It is often said that when capitalism knows no borders, the struggle must be international. That could also be said of the state. Certainly, states have borders. But their role repressing the working class and implementing capitalist friendly policies is global. Indeed, it can be argued that the capitalist system could not have developed without a state that forced workers to accept it. In a sense, they are two facets of the same evil regime of exploitation of a ruling class over the many dispossessed, who were/are forced into the factories.
However, if there truly is a global struggle, that must be the war that women have waged over the centuries against patriarchy. It has taken place over the borders, even across civilisations, in many different societies, traditional and modern, and under many guises. It may have been open revolt or underground silent resistance to male violence, but there are long lines of stubborn struggle handed down over the generations. A muted knowledge and understanding that bonds strong grandmothers to their trailblazing granddaughters. As our Turkish comrades have said somewhere else, we may all be different, but there’s a common kernel inside.
The nature of this struggle is such, that it can’t be co-opted by the capitalist system. Certainly, it does try. Many corporations go around showing off some kind of bland liberal feminism, that in the end proves to be nothing else than a marketing strategy. When complicity is built over the exploitation of millions of women from all over the world it can’t be but an empty shell. Even more, some women claim to have chosen a form of feminism that they call capitalist, or traditional, or what not, even going as far as extolling the virtues of the traditional housewife or announcing how empowered they feel when they utter some reactionary crap. What they conveniently forget is that the sheer fact that they can choose, that they have a choice, is the outcome of centuries of bitter struggle to conquer that freedom. And that was done against the bosses in the workplaces, the landowners in the fields, the elders in the village, the priest and the mullah, the husband, the father and the brother, all male, all domineering. Against patriarchy, dispossession, poverty, war, exploitation…as it continues to be the case today.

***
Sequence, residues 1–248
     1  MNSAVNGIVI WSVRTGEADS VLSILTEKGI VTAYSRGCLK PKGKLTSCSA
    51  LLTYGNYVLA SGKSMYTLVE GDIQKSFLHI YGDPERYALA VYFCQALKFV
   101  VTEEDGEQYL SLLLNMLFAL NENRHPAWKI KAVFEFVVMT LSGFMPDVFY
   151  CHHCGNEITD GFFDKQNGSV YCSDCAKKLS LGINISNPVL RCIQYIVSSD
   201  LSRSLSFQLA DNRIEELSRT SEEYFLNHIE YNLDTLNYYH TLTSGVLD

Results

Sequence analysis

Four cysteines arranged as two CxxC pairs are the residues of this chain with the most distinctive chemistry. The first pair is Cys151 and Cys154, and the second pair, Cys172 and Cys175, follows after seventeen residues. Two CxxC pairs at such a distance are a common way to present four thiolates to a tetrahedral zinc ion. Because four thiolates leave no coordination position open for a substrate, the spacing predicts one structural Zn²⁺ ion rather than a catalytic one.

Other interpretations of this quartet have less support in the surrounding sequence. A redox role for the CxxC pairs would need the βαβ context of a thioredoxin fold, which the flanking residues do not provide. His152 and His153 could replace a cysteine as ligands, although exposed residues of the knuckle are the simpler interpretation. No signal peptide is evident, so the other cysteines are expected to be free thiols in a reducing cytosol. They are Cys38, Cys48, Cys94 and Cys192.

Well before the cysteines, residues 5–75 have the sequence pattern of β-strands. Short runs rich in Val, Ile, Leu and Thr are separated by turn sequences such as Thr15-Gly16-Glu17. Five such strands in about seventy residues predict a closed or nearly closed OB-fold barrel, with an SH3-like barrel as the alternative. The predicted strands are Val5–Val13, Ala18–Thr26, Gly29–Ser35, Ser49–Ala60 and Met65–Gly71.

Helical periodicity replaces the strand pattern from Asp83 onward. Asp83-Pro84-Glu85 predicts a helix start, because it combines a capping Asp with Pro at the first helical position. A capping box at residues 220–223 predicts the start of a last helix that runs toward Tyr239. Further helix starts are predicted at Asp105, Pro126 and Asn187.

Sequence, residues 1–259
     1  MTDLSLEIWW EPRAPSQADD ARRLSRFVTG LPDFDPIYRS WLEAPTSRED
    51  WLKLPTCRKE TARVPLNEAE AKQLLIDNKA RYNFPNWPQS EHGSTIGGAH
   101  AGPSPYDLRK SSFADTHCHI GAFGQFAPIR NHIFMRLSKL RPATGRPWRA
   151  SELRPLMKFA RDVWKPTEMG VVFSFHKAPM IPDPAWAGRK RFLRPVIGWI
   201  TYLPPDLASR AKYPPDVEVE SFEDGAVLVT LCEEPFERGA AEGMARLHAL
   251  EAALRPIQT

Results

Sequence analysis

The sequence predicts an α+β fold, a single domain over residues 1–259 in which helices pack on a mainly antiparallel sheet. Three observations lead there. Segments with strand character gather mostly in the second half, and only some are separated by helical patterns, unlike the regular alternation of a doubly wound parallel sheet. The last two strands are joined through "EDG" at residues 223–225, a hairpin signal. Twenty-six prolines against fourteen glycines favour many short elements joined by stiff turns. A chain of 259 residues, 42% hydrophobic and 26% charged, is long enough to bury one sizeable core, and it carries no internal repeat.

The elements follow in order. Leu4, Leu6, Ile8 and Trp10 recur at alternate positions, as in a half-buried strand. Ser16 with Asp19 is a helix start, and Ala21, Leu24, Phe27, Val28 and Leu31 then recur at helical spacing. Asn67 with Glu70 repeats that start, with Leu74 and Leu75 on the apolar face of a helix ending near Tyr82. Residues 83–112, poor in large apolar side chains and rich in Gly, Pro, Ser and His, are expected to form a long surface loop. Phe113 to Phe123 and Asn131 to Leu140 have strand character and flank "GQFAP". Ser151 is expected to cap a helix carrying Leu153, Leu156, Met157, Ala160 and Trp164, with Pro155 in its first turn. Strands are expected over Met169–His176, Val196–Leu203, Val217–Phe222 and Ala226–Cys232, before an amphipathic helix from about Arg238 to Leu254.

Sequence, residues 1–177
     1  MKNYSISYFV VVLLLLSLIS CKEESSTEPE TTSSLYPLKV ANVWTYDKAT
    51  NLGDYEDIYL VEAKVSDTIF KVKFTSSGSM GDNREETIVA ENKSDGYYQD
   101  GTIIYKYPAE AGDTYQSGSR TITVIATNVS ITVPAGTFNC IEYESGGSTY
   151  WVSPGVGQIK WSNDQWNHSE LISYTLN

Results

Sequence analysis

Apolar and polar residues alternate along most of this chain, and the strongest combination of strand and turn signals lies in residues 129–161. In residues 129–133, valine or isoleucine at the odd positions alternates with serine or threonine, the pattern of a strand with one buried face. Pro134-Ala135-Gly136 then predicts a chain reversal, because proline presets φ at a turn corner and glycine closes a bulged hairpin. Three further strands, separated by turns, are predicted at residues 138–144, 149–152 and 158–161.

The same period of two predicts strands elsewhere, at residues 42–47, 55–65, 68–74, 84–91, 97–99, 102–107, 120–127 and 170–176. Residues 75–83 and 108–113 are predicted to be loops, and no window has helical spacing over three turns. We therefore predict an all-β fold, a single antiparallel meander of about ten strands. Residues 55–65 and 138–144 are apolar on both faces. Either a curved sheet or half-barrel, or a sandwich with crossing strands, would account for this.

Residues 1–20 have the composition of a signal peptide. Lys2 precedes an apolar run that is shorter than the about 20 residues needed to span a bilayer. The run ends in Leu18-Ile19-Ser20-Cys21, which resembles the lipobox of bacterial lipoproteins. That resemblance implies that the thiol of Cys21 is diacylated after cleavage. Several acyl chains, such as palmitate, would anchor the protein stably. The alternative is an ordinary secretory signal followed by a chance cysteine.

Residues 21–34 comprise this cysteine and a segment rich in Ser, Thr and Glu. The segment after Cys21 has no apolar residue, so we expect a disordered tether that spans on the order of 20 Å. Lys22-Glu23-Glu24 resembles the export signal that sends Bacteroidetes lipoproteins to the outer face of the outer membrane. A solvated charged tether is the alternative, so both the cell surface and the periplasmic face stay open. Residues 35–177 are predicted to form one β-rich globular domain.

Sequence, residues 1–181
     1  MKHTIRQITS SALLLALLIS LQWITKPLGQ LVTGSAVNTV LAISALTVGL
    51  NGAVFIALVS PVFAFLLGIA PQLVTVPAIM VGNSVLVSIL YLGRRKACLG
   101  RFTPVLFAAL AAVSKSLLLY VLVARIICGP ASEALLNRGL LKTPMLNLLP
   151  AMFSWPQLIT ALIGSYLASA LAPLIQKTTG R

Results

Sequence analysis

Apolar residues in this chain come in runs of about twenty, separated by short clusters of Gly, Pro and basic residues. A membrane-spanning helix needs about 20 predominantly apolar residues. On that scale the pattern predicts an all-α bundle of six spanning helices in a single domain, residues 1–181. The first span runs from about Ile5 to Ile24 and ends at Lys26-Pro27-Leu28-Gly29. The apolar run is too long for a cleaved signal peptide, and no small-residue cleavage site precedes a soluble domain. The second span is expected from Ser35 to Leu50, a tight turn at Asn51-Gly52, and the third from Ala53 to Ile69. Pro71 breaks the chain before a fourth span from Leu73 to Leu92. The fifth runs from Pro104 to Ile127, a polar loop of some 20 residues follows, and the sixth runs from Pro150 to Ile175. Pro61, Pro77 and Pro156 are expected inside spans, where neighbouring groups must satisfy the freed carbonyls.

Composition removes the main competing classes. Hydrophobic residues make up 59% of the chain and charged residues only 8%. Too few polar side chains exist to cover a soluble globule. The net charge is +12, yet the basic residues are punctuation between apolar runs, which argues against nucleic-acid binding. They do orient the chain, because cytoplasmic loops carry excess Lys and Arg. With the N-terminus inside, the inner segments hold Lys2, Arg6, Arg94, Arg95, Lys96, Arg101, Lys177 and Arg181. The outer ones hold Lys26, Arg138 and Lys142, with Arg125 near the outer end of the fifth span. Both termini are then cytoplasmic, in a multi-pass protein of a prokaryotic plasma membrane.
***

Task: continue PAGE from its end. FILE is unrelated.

Feminism is a struggle to conquer the freedom of all, women, men, children, trans and cis, persons of colour and white people…also, of all those who are not in a situation to do it for themselves. Any freedom is everybody’s freedom. It is for everyone to enjoy, a starting point to build upon, conquering ever more ambitious milestones. Meaningful feminism can only be anticapitalist and radical, as it aims to do away with anything that holds women back. Patriarchy and more, also economic inequalities, racial discrimination, nationalism, the far right…The list is long.
To further this struggle, we build international networks of resistance to support local campaigns and groups, to provide tools to coordinate, to get to know each other’s initiatives. On International Working Women’s Day, anyone marching or striking does so for everyone else: the brave women who built the freedom that we may enjoy today and those who are conquering the freedom that others will enjoy tomorrow. Over the borders and across the generations.
ICL – CIT
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